Janie and Jack
November 25, 2019
If there’s any question about the power of social media, let the flourishing partnership of Eva Chen and Derek Desierto serve as exhibit a.
Once a follower of his personal account, NY Times best-selling author, editor, designer, and head of Fashion Partnerships at Instagram, Eva Chen was so impressed with award winning illustrator Derek Desierto’s sketch of her, she slid into his DM’s with a personal request.
“I asked him if he’d ever worked on a children’s book together, he said he hadn’t so I asked if he’d ever want to work together. He literally asked me if he was being punked!”
The rest, as they say, is history. The pair have written and illustrated four children’s books, the Juno Valentine series, and recently completed the whimsical, “fashion fairytale” Juno Valentine children’s collection with Janie and Jack. Here are a few fun things they shared from their chat onstage with Janie and Jack SVP and General Manager, Shelly Walsh.
Eva on Becoming a Best-Selling Author
“I didn’t know it at the time, but it’s actually really hard to break into the (NY Times) bestsellers list. It’s run almost entirely by franchises, like Pete the Cat and The Day the Crayons Quit, that have been on the list for seven years in a row. So breaking into that list is something I’m really proud of, but I’m also still processing it.”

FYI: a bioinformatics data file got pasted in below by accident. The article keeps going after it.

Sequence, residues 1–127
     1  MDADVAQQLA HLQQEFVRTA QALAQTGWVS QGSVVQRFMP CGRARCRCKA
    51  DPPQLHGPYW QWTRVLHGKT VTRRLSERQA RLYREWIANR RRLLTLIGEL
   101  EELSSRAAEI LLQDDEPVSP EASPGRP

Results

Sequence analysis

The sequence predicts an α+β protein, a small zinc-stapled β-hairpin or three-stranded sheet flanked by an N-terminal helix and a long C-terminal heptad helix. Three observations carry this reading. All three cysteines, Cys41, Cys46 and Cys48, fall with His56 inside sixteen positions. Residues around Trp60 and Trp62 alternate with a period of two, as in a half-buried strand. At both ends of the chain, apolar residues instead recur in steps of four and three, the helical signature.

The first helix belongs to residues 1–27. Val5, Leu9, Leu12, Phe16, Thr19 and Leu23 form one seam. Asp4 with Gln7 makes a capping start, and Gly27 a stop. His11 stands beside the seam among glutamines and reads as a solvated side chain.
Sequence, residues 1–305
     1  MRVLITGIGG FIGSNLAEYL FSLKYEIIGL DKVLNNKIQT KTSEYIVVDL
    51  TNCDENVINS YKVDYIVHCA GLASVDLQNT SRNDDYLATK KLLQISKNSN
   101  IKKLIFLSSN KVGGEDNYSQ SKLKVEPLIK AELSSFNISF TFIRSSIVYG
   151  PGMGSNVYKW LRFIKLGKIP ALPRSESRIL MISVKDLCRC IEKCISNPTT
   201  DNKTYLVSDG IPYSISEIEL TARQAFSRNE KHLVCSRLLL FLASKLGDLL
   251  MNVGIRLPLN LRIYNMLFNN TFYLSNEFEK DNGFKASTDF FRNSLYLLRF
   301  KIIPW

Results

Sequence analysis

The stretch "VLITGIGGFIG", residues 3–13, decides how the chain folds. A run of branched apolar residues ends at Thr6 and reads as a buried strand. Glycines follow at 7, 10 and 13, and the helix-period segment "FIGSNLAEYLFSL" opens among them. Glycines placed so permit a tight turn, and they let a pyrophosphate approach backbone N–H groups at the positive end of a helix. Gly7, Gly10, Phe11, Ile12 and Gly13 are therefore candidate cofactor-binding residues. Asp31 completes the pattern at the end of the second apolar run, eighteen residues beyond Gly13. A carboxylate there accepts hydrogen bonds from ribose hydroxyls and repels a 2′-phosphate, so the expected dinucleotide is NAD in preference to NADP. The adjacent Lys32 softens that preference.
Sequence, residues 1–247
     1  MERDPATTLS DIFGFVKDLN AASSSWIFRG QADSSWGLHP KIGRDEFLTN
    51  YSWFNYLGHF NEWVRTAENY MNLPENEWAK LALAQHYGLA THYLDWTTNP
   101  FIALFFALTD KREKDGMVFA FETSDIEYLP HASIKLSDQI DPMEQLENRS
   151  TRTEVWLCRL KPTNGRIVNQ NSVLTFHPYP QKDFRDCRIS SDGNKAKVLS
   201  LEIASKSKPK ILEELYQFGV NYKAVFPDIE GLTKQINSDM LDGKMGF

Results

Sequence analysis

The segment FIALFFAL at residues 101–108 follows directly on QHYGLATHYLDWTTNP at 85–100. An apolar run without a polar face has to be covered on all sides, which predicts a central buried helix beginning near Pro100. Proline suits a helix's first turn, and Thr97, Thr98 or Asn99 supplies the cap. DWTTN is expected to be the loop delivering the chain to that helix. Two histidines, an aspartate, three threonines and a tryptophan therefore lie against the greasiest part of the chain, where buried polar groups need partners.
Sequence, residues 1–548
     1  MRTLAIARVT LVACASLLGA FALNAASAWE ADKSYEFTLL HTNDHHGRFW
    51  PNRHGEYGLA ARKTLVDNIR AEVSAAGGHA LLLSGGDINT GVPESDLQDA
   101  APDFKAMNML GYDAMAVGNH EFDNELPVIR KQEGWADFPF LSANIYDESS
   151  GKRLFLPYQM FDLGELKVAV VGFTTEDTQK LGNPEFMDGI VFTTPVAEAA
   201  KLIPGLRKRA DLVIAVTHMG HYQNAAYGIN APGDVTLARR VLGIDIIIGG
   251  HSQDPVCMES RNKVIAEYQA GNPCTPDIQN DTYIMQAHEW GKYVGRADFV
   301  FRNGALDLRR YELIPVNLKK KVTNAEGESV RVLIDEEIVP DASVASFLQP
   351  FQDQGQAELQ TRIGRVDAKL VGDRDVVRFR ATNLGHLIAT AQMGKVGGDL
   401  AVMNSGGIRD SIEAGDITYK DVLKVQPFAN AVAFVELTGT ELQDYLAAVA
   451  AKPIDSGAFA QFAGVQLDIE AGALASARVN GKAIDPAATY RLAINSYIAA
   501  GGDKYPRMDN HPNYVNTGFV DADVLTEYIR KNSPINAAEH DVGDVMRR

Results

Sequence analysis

Eva on Why You Should Never Toss Out Your Clothes
“My mom moved to the US in 1975 from Taiwan, and had this iconic 1980’s style; side-parted hair with a swoop in the front, a bob, Chanel lipstick, and wore these amazing pantsuits and trousers, suiting that I’m really feeling right now. My dad recently sent me all these photos of her, and I keep asking her ‘where’s this coat? Where’s that coat?’ She would tell me “oh, that was an original Max Mara Teddy Coat. I actually think I donated it!” I would scream “Mommm!!!” I think that’s why I’m such a hoarder! The moral of the story is, don’t throw anything out, ever!”
Derek on Finding Inspiration Through Children
“Ren (Eva’s Daughter) and Mateo, my oldest nephew, are quite ‘spirited’ and they’re very funny, and I think Juno (the book’s main character), is too. In my head Juno’s a lot of fun and I do think all the children in my life are a bit of Juno and a little bit of Finn. But, I’m very happy to be just an uncle and be able to leave anytime I want!”
Eva on the Magic of the Janie and Jack Collaboration
“The Janie and Jack team was really able to bring everything to life, for instance, I was able to say ‘I want a dress that is like a rainbow cupcake’ and they made it happen. I wanted Juno Valentine to have a lot of personality and the ability to try on different personas. I think it’s so important for young children to know they’re not born perfect, they’re not born knowing who they are, and they do need to try on a lot of different personas and personalities. That’s the message of the book, but it’s amazing now that the kids can quite literally step into the shoes of Juno. From the beginning, I thought how amazing it would be to be to make just one sparkly shoe. In the first conversation with Janie and Jack, I mentioned this idea and Shelly told me ‘think big!’, and it worked! This vision was brought to life so beautifully.”
Eva on The Juggle of Being A Working Mom